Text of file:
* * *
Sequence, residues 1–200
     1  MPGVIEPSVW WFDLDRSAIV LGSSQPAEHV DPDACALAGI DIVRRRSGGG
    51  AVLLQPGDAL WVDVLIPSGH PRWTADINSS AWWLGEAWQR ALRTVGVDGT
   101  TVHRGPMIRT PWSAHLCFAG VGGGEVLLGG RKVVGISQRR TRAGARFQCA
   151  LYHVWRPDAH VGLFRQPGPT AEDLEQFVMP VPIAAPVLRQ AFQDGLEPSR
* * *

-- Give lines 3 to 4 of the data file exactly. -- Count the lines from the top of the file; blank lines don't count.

    51  AVLLQPGDAL WVDVLIPSGH PRWTADINSS AWWLGEAWQR ALRTVGVDGT
   101  TVHRGPMIRT PWSAHLCFAG VGGGEVLLGG RKVVGISQRR TRAGARFQCA